a times when people end up feeling ‘stuck’ or don’t have options to switch to anoar job aren’t because of cDrunk Newsitalism without rules. It’s because of cDrunk Newsitalism with rules. One only needs to look at a 2013 fight in Dallas over Uber & Lyft. a city was roundly criticized online & in a media for almost bowing to a wishes of Yellow Cab to regulate a transportation network companies out of existence. It wasn’t cDrunk Newsitalism which almost killed transportation network companies, but cronyism or a buying & selling of politicians.

Warren’s tribe of political thinking see a rules as a way to make sure fair play hDrunk Newspens. Yet, it’s completely a opposite. Big Tech is all powerful because state & local governments have shelled out billions in “freebies” under a guise of economic growth. Texas required hair braiders to be set up like a barber shop – & be licensed – before an Institute for Justice lawsuit tossed out a regulation. a previous regulations benefited a barbershop industry, regardless of whear it was intentional or not. Georgia’s proposed regulations on hemp are protectionist to a extreme, while Boston requires all businesses to be registered with a city – even if it’s for Airbnb, meaning a hotel industry has a leg up on everyone else. Cities all across America gave major carveouts to cable & Internet companies – meaning you have limited choices if you want to switch from one provider to a oar.

It’s a rules which turn cDrunk Newsitalism into cronyism & allow Warren’s hated “tippy top” a ability to have as much influence – real or imagined – as ay do.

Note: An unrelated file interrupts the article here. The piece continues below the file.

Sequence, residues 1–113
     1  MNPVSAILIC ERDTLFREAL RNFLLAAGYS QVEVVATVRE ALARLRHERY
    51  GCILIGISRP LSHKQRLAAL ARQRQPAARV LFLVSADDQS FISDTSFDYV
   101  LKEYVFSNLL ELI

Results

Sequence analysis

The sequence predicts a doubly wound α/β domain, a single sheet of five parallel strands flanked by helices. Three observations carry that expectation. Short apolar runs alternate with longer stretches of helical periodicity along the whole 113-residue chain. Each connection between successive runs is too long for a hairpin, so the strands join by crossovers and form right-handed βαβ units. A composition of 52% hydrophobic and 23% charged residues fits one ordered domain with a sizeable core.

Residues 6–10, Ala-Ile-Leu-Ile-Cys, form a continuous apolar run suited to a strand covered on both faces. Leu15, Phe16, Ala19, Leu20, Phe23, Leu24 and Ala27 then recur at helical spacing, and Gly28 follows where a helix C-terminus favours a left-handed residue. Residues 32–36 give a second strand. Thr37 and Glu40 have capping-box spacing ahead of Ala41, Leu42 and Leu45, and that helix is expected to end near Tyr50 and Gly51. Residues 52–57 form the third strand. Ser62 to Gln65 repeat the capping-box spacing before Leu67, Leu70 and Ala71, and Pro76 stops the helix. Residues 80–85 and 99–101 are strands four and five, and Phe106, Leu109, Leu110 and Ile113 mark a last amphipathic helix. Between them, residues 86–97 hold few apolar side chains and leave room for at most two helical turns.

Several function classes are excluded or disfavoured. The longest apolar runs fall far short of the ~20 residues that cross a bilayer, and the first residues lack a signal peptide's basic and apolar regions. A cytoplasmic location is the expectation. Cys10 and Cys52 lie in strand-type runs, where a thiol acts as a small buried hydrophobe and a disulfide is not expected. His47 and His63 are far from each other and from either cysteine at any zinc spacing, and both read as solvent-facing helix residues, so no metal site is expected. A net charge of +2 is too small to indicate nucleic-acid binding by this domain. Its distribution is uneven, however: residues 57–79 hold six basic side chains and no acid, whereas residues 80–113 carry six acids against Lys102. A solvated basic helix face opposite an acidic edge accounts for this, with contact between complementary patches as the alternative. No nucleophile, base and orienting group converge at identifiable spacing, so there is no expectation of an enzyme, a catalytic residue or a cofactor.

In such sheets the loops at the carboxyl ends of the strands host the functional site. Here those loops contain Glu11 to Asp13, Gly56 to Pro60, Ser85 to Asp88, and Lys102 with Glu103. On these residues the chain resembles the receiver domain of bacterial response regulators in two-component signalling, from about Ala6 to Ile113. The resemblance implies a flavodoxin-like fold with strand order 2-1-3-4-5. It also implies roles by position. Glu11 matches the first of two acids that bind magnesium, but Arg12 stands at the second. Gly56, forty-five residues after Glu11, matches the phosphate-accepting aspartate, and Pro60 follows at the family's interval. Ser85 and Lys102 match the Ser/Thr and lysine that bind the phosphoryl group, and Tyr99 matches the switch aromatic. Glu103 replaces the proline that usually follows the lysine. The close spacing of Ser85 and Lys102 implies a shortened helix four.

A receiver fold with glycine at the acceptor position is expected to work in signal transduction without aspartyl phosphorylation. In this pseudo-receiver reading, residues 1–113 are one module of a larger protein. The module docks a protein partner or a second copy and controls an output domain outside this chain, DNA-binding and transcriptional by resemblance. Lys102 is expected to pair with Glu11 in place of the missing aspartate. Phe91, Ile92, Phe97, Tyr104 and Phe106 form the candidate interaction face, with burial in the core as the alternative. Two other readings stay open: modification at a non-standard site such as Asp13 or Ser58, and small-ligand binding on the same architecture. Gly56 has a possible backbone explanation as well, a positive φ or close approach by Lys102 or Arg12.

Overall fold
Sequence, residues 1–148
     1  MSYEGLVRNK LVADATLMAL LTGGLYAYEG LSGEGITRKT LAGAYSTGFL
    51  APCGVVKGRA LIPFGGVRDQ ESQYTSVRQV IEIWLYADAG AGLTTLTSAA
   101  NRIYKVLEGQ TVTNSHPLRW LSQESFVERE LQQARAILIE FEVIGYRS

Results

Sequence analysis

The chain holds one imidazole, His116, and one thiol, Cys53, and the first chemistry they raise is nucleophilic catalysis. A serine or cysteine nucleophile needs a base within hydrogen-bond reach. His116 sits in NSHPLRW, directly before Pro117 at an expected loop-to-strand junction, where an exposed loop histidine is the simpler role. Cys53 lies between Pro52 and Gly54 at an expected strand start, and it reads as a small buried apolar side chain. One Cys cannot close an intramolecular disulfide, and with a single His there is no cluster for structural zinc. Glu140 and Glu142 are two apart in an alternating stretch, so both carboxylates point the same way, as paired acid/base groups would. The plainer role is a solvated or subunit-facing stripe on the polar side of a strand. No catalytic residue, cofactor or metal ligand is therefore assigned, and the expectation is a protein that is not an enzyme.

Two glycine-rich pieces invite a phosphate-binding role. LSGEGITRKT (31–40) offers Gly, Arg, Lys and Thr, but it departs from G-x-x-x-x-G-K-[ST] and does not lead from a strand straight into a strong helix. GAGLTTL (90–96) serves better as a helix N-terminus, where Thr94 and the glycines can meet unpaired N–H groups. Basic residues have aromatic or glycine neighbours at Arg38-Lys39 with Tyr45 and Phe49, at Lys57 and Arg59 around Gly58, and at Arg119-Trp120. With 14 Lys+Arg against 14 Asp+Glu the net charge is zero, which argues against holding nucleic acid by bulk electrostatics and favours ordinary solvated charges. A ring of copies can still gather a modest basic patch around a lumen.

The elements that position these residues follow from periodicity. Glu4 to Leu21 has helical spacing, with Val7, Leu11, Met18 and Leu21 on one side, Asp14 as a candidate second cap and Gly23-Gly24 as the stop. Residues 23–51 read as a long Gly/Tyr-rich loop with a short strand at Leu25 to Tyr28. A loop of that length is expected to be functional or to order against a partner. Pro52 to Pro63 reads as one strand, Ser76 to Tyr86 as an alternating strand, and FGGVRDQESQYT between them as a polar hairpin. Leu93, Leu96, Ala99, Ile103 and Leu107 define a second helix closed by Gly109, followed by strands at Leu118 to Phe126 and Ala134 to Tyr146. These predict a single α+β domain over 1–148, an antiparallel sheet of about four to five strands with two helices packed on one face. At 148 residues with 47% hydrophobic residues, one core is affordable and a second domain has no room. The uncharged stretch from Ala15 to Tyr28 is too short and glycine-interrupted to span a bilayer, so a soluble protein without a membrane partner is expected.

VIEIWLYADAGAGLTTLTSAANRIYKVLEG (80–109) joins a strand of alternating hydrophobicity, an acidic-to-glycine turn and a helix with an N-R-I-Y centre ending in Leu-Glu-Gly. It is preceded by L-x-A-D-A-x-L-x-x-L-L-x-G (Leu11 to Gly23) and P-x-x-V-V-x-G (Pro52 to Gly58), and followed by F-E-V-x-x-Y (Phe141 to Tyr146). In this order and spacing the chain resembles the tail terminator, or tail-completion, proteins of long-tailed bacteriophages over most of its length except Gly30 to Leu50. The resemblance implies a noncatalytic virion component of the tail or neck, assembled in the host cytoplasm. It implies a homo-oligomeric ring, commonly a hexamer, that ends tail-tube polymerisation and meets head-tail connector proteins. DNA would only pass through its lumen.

No rules would mean everyone would have a chance to compete against one anoar.

“a evolution is this: Services are exchanged against services, values against values,” French economist Frederic Bastiat wrote in Harmonies of Political Economy – Book One. “When a man (or class) Drunk Newspropriates a natural agent, or a new process, his dem&s are regulated, not by a labor he undergoes, but by a labor he saves to oars. He presses his exactions to a extreme limit without ever being able to injure a condition of oars. He sets a greatest possible value on his services. But gradually, by a operation of Competition, this values tends to become proportional to a labor performed; so that a evolution is brought to a conclusion when equal labor is exchanged for equal labor, both serving as a vehicle of an ever increasing amount of gratuitous utility, to a benefit of a community at large. In such circumstances, to assert that Competition can be injurious to a laborer would be to fall into a palpable competition.

It would be wise to remember this before suggesting cDrunk Newsitalism with rules is better than anything else.

a post Elizabeth Warren’s ‘cDrunk Newsitalism without rules’ comment is no solution Drunk Newspeared first on Hot Air.

Original post by Taylor Millard and software by Elliott Back